Study of dust in Seoul, Beijing shows contrasts
The Chinese government’s restrictions on fossil fuel emissions seem to be causing the difference, as Beijing’s air quality improves - and Seoul’s does not.
At this point, however, further analysis is needed to pin down the exact reasons why.
Korea’s joint research with China was the latest effort by the two neighboring countries to battle ultrafine dust, which Korea often blames China for, even as the latter adamantly denies responsibility for Korea’s air pollution.
Jeon Kwon-ho, a researcher from the National Institute of Environmental Research (NIER) in Incheon, said the fundamental purpose of the recent research was to find out the sources of ultrafine dust in Seoul and Beijing.
So far, the research team can say that the pollutants causing ultrafine dust seem to be derived from industrial plants and vehicle exhaust emissions.
Seoul’s ultrafine dust concentrations have not decreased over the years and largely hovered around the same levels, though they were still far lower than Beijing’s current level, data from Korea’s Ministry of Environment showed.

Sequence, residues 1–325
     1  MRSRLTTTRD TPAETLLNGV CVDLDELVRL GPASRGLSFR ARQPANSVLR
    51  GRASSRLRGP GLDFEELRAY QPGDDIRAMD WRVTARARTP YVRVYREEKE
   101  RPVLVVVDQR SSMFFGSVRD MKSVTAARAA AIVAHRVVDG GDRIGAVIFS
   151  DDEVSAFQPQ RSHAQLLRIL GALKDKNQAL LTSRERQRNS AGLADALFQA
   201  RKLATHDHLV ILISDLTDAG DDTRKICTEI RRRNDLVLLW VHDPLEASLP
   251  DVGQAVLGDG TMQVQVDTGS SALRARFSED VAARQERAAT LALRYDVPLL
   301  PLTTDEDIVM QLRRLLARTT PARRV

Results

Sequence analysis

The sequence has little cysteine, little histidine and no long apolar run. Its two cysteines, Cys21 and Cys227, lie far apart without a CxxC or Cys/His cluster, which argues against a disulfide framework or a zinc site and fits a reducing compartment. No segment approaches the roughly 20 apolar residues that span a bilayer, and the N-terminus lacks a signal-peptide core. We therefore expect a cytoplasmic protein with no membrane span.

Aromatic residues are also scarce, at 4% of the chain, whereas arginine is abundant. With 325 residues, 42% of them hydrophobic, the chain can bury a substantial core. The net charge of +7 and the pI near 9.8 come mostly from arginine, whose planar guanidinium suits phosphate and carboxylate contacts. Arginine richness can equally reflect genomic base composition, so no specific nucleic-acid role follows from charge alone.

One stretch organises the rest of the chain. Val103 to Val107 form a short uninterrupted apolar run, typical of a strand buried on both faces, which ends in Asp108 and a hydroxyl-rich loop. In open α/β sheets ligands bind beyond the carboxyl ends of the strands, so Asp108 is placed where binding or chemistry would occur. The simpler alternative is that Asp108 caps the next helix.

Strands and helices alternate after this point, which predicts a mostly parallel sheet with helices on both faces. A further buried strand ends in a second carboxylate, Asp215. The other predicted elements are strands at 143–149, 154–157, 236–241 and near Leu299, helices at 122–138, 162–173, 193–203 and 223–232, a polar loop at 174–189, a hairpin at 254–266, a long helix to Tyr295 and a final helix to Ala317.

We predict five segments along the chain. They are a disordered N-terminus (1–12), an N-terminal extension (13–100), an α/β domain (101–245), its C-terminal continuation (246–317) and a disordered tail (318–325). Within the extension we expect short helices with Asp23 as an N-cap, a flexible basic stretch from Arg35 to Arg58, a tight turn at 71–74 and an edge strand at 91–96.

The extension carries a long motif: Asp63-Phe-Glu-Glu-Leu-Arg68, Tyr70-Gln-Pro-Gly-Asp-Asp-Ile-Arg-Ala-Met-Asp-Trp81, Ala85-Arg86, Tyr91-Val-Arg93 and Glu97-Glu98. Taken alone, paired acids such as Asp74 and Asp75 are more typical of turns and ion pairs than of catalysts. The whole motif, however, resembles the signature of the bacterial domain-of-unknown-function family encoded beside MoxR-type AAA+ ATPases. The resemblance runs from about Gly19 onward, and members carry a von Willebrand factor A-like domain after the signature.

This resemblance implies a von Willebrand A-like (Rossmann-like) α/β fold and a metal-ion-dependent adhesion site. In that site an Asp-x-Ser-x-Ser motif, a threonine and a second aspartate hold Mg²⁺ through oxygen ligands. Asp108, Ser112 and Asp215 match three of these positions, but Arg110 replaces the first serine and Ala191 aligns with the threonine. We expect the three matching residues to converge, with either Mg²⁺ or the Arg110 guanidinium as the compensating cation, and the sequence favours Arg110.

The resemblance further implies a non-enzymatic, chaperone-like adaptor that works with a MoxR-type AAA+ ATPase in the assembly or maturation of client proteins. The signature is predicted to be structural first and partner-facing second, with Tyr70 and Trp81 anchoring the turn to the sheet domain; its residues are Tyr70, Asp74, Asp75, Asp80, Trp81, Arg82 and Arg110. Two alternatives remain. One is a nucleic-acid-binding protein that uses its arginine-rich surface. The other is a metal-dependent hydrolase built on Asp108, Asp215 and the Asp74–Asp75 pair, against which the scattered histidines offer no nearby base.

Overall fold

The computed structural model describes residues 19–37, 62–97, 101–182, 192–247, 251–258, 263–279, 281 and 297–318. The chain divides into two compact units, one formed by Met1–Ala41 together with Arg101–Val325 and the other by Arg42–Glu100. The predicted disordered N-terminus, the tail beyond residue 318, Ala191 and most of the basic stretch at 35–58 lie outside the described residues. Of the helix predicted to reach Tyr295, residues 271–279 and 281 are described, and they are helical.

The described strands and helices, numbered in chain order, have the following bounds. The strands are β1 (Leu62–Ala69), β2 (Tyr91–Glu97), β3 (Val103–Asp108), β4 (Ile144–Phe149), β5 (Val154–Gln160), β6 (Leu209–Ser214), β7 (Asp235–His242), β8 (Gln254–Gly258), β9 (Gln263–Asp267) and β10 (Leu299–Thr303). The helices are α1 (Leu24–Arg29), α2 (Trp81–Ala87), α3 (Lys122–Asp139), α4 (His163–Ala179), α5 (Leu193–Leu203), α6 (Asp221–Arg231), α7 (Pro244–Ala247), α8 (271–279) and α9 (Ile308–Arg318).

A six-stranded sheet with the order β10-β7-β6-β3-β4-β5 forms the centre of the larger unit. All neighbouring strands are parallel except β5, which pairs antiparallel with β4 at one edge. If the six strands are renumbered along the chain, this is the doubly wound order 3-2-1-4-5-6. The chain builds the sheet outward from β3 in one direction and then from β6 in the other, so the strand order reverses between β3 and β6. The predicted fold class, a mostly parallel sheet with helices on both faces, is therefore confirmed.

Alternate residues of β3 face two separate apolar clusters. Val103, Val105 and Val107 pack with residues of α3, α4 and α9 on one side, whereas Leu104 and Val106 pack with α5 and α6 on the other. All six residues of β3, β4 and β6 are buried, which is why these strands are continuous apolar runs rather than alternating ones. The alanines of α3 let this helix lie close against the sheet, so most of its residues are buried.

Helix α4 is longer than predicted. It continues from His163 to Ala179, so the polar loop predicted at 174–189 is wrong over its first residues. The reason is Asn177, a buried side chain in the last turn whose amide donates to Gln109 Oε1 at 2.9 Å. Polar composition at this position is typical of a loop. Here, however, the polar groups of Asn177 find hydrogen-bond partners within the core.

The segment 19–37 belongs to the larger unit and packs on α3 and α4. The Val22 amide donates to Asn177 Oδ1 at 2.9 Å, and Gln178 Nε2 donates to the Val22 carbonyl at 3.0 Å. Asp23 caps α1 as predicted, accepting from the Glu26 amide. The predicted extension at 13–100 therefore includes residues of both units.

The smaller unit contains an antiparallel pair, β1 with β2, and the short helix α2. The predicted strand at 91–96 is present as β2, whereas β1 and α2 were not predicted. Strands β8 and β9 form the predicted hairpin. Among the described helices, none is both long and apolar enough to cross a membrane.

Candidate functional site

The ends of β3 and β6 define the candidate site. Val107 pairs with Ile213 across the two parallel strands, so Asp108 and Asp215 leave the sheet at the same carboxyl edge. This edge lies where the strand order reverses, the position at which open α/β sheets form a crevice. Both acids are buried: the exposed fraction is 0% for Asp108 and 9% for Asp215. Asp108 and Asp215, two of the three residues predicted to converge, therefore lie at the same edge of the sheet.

The research was conducted by the Korea-China air quality joint research team under the NIER.
From 2017, the joint research team collected ultrafine dust samples from the Chinese cities of Beijing, Baoding, Qingdao and Dalian and scrutinized their major chemical components.
When comparing Beijing’s ultrafine dust sample with Seoul’s, the researchers discovered that both were mainly composed of ammonium nitrate, ammonium sulfate and organic matter, though the ratios differed.
Ammonium nitrate usually comes from auto exhaust emissions and ammonium sulfate from petroleum and coal combustion, although this study did not determine the precise sources of the components.
The study found that the ultrafine dust from the Chinese capital was made up of 22 percent ammonium nitrate, 11 percent ammonium sulfate and 44 percent organic matter.
Ultrafine dust from the Korean capital was composed of 25 percent ammonium nitrate, 25 percent ammonium sulfate and 28 percent organic matter.
Researchers attributed Beijing’s low rate of ammonium sulfate to Beijing’s fossil fuel reduction campaign, saying that the city was seeing sharp declines of the component recently compared to the past.
One thing the researchers have yet to figure out, though, is why Seoul’s ultrafine dust has such a high rate of ammonium sulfate. Theoretically, big cities in which fossil fuel emissions are abundant usually have much higher rates of ammonium nitrate. In Seoul’s case, however, the ratios of both chemicals were the same, 25 percent.
“It was really unexpected,” said Jeon from the NIER. “We’ll need to look into the matter more deeply.”
BY KIM JEONG-YEON [firstname.lastname@example.org]